One of the simplest forms of graffiti is “tagging” — writing a name or nickname on a wall, train car or other publicly visible surface. For the British street artist and cultural prankster known only as Banksy, tagging expanded to a form of branding. His trademark images become recognizable, and collectible.
How much Banksy himself has benefited from this appreciation in value is unknown, as is nearly everything else about him. But the semi-underground figure is not profiting from, and in fact has barely acknowledged, “The Art of Banksy,” an international touring exhibition currently installed in the former Bed, Bath and Beyond space in downtown Washington D.C.’s Gallery Place complex. According to the show’s organizers, all of the more than 100 pieces on display were bought from the artist by private collectors and none was taken from the street.
Included are one or more variations on such recurring Banksy motifs as the Grim Reaper with a smiley face instead of a skull, a bomb thrower who clutches a flower bouquet in place of an explosive and a girl holding a heart-shaped balloon. A version of that last image sold at auction for $1.4 million in 2018 — and became more valuable on the spot as it was immediately cut into ribbons by a shredder concealed in the picture frame. On resale, it sold for more than $25 million last year.
“The Art of Banksy” is unauthorized, but it’s not a cheap knockoff. It’s artfully staged, well-documented and comprehensive, and is likely to amuse and surprise viewers, even ones who’ve followed the clandestine artist’s career. But the show does clash with what we know of Banksy’s anti-authority, anti-capitalist values, if only by charging $35 and up for admission.
While the artworks on exhibit lack the context and immediacy the originals would have, that’s due as much as to Banksy himself as to the show. The artist has made multiple versions of his best-known images and sold them as silk-screened prints, posters, postcards and T-shirts. Often, this was done for a cause: “The Art of Banksy” includes a 2002 poster made for Greenpeace and a 2011 poster and T-shirt sold to support protesters arrested in Bristol, the southwestern British city that’s generally considered the artist’s hometown.
Banksy was likely born in the early 1970s and emerged as a graffiti artist around 1990, in the same period that such Bristol trip-hop musicians as Massive Attack were becoming prominent. (Some have suggested that Massive Attack’s Robert “3D” Del Naja actually is Banksy, although stronger evidence points to someone else.) The artist has designed album covers and other materials for musicians, and “The Art of Banksy” features a soundtrack of mostly British (but some American) indie pop and rock.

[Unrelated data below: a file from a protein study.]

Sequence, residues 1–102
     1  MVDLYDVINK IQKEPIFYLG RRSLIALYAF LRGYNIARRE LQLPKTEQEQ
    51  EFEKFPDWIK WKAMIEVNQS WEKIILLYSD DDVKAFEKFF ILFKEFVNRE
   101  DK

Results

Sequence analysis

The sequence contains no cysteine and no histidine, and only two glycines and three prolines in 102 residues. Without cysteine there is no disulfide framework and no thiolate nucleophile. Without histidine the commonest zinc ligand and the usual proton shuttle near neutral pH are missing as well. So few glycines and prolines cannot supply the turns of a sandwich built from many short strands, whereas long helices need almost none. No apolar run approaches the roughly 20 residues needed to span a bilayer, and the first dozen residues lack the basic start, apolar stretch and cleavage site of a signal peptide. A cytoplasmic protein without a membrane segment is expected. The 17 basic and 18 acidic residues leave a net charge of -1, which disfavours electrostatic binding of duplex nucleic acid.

Typically, a Banksy artwork is a streamlined montage, usually made with stencils, that ironically contrasts a traditional image with some aspect of banal consumer culture: Aboriginal hunters stalk a herd of shopping carts; Jesus on the cross holds shopping bags; and biblical mourners lament around a sign that says, “Sale Ends Today.” Banksy often invokes everyday British life, with references to the Tesco supermarket chain and mockeries of Parliament and the royal family. One of the more elaborate stunts illustrated in this show was the widespread distribution in 2004 of counterfeit 10-pound notes on which Queen Elizabeth’s face had been replaced by Princess Diana’s. (The fake currency was issued by, of course, “the Banksy of England.”)
Inevitably, American pop culture also features in Banksy’s work. Curiously for someone who’s probably not old enough to remember the fall of Saigon, the Vietnam War is a recurring theme. The artist often depicts U.S. military helicopters — one of them outfitted with a pink bow — and remakes Nick Ut’s Pulitzer Prize-winning photo of Vietnamese napalm victim Phan Thi Kim Phuc so that the girl is flanked by Mickey Mouse and Ronald McDonald.
Banksy also pays homage to the American who first brought silk-screened images into art museums, Andy Warhol, with prints of soup cans (Tesco’s, not Campbell’s) and a portrait of model Kate Moss in the style of one of Warhol’s Marilyn Monroes.
Warhol, of course, embraced and exalted celebrity. Banksy does not, whether because of his beginnings as a graffiti tagger or because he still engages in stunts of dubious legality. But, as “The Art of Banksy” demonstrates, fame is ravenous. The artist may be able to keep his given name a secret, but just about everything else about him is beyond his control.